My situation doesn’t make me a child. Or irresponsible. It doesn’t mean I’ve lost my way. That I’m doing adulthood wrong. No, it’s helping me explore the facet in which I’ll best work with kids; I’ve already done the whole teaching assistant thing, and now I’m interacting with youth in a more intimate setting. So what I’m not ready to decide whether I want to pursue another degree or just be certified or even teach overseas? Working with kids is one skill of many that I’m strengthening in order to serve others, to live a simple and frugal life, and to eventually lead me to every corner of the United States and every country I’ve ever wanted to visit. Just think: have you acquired skills to eventually get you closer to achieving your long-term dreams and goals?

And because I don’t have my own place, or even many of my own possessions, that makes it possible and practical to pick up and explore. Because I’m not in a relationship, I can be flexible. I can pay my loans from anywhere. I don’t have to request time off work. And so on and so forth. Might it be possible that maybe, just maybe, in the midst of trying to “get it right” and “make a life” for yourself, that you (or someone you know) has forgotten to actually live? Hope your fancy car, apartment, and first salaried job are getting you a step closer to where you want to be―that’s all I’m saying.

I’m happy for those of you who have worked your tails off to make your current status happen. I truly am. No one would ever claim that you’re not an adult. Seriously, appreciate the fact that you work hard to put food on the table, that you juggle relationships and long hours and buying groceries and doing laundry.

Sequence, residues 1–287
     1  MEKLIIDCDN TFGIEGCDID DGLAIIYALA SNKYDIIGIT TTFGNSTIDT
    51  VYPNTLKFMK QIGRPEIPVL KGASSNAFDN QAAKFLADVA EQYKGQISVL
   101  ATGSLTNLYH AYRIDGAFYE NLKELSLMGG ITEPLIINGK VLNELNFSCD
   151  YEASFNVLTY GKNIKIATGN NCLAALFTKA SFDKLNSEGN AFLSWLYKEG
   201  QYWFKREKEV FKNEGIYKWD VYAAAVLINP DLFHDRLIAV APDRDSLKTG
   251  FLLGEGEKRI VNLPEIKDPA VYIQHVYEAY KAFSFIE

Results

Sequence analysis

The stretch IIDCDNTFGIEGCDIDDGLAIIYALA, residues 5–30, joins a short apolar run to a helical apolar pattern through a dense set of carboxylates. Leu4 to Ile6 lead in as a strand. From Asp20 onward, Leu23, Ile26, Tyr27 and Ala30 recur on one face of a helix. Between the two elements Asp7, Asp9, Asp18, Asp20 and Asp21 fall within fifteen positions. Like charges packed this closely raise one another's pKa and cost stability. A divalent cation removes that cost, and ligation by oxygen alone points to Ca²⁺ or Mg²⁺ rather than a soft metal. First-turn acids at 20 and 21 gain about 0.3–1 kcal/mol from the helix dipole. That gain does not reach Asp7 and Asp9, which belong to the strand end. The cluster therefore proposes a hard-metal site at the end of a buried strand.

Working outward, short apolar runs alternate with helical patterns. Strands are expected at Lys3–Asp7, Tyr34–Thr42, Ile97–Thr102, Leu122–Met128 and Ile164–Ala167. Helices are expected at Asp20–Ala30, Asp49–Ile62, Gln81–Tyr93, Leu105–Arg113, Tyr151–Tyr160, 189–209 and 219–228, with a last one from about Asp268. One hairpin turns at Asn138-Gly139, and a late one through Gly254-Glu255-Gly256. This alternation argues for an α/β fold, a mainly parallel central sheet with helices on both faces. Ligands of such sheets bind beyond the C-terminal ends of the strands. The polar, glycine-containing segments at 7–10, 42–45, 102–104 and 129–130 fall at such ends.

But don’t tell me or your peers who have chosen (or who actually have to) live an “alternative” lifestyle, for the time being, that we haven’t made it. Don’t forget that some of the tangible symbols of your adulthood aren’t the strong desires or focus of people like me, so no, I don’t really think I’m missing out on much, but ya know―you do you.

Sure, the path of finishing school, getting married, and purchasing a house is the typical course of action, the norm for recent grads, but who are we to say it’s the only way to navigate the real world? It works for most, but this course is not the superior or dominant option, and my way of life is not “Other.” This is something we all need to get right, otherwise those of you who’ve nestled into your first job and pad will think you’re better, and those of us not hardwired for the 9-5 may think there’s something wrong with us―that we’ve made major mistakes, or have to change our ways, or that we’ll never be good enough. Take heed to what I’ve been learning about adulthood, and let’s stop acting as if  there’s one bridge to the island. Because even though it’s never been on my bucket list to own a home―it doesn’t mean I haven’t found my place. *Drops mic* TC mark